Such means of estimating a via hole count on the basis of a PWB grade, a signal count and a power count of the components enables the determination of the via hole count prior to the formation of wiring patterns on the board. The size of the via hole is determined by the PWB grade, and the unwirable area can be calculated by determining the total area of via holes on the basis of the obtained via hole count. Thus, the INDEX values of various boards can be determined before wiring patterns are formed on the board.

The wiring layers on the whole printed wiring board include signal layers and power layers, so that the determined via hole count can be corrected in accordance with the number of signal layers. Specifically, as shown in FIG. 6, the correction factor is determined in accordance with the number of signal layers, and the determined via hole count is corrected by multiplying the via hole count by this correction factor. Information necessary to correct the via hole count is input into the storage section 38 as via count correction information in advance. The via count correction information is prepared on the basis of the data of printed wiring boards designed in the past. Such means of correcting the via hole count in accordance with the number of signal layers enables more accurate estimation of the via hole count, so that the total area of the via holes can be determined more accurately.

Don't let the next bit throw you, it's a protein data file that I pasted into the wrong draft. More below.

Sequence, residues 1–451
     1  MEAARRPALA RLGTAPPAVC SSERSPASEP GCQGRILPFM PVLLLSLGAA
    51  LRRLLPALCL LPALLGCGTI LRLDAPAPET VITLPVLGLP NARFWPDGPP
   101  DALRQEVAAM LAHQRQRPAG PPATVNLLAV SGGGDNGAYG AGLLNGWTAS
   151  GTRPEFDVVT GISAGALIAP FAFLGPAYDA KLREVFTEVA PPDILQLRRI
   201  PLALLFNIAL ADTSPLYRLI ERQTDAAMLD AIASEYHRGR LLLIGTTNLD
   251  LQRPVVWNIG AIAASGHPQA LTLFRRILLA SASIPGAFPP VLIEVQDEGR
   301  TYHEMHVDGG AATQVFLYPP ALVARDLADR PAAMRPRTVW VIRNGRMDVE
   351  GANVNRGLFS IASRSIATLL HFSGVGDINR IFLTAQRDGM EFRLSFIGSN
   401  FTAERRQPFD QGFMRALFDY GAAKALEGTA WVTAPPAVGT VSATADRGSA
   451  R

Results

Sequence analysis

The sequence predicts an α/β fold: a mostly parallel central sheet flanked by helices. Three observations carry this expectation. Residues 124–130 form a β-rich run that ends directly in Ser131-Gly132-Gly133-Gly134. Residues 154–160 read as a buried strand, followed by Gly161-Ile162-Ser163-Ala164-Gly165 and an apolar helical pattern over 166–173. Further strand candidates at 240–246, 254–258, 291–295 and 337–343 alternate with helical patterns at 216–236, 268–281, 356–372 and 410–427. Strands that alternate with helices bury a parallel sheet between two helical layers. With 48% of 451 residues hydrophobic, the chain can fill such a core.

Further, in the PWB designing apparatus and method of the present invention, an unwirable area Sb is determined in consideration of via holes, lands, and wiring-inhibited area resulting from forming the via holes and the lands 20, as shown in FIG. 7(a). FIG. 7(a) shows the wiring-inhibited area resulting from the formation of the via holes and the lands 20. The length a is parallel to a wiring conductor 42 that passes through a via hole and the land 20 (in the center 10 in FIG. 7 (a)), and the value of the length is preset on the basis of the data of printed wiring boards designed in the past. Assuming that the diameter of the land 20 is R, the space between the land 20 and a wiring is d, and a grid space which is a reference for wiring is G, an unwirable area Sb resulting from the formation of a via hole and the land 20 can be represented as follows: